In this space, visitors are invited to post any comments, questions, or skeptical observations about Philo T. Farnsworth's contributions to the field of Nuclear Fusion research.
Subject: Re: Vacuum Tube Filaments
Date: Nov 10, 2:51 pm
On Nov 10, 2:51 pm, d.preston wrote:
>I have had discussions with old ITT tube lab folks and some NRL gurus of custom vacuum tube manufactury. They advised the 5U$ specifically as one which will deteriorate very little if the fils are taken just prior to use for transfer to air.
>I would have to "flash" the filaments and if done well, they should be almost as good as new in a fusor. The key is to avoid the water/oxygen- tungsten cycle common to degrading tungsten and vacuums in tubes.
I am guessing that tube you are speaking of has an oxide coated filament.
The filament is coated with a mix of barium carbonate, strontium carbonate, and calcium carbonate (and depending on manufacturer preferences possible with a small addition of strontium nitrate or an alkali azide)
The 'flashing' of a filament with emmitter coating can only be done ONCE. In this proceedure you basically thermally decompose the chemical coating and depending on application may also react the byproducts with a specific gas or ionized gas. filaments are then further 'aged' in which complex reactions occur, ie. electrolytic migration into host material, O2 binding, etc...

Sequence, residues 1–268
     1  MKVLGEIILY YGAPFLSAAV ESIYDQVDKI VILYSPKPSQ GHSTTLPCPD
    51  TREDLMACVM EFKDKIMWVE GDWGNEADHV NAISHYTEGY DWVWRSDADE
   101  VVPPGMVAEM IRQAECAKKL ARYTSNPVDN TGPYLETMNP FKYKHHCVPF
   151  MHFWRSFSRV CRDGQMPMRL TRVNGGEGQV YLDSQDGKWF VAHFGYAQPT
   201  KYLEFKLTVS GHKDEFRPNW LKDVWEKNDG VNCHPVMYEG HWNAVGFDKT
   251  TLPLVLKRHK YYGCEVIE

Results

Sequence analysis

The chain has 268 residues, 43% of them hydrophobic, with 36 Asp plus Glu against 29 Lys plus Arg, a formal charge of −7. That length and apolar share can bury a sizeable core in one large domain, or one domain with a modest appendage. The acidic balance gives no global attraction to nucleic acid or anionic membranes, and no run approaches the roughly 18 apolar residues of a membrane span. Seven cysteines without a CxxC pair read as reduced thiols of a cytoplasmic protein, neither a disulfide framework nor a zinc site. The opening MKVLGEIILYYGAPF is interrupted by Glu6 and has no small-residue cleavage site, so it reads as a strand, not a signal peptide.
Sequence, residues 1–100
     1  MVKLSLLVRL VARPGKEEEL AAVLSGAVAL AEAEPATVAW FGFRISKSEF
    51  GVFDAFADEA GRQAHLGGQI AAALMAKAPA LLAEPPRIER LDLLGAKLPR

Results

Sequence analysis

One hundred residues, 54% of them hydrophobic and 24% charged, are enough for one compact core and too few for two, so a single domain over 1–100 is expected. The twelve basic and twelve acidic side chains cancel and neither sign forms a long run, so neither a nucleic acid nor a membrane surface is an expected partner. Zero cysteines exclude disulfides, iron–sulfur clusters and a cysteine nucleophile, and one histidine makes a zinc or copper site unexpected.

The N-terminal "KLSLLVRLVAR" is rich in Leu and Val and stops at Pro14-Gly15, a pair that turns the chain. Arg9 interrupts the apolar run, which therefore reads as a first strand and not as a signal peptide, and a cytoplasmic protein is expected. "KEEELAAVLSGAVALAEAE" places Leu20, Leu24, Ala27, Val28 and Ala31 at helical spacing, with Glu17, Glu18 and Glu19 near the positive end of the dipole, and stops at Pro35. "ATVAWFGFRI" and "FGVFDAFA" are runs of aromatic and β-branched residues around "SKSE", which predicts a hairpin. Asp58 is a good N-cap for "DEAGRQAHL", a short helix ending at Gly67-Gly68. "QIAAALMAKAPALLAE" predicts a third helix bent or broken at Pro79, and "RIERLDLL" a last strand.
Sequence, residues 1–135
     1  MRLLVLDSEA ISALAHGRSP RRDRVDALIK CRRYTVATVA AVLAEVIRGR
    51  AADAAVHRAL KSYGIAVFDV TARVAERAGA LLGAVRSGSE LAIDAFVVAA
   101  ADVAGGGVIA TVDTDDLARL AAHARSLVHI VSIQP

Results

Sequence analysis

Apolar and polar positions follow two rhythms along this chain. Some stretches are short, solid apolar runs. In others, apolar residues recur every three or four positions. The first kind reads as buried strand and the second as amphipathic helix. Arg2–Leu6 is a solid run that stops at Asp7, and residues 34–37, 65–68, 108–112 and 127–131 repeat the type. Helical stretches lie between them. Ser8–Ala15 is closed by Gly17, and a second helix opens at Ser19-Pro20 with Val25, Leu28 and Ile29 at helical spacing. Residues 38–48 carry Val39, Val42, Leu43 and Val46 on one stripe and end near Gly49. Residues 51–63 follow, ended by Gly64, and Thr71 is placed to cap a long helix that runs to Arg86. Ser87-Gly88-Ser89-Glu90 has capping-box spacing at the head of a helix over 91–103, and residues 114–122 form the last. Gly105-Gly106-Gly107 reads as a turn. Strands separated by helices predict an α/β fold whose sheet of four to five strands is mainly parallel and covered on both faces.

you can not remove this emmitter from the tube and then REactivate it.
filaments and emmission chemicals are basically inexpensive and available why go through the trouble to fudge it...
the filaments must, i would think be easily available and changeable for your fusors given the poor vacuum levels. High efficiency emmitters will be damaged unless properly maintained.
- Re: Vacuum Tube Filaments - Richard Hull Nov 10, 4:08 pm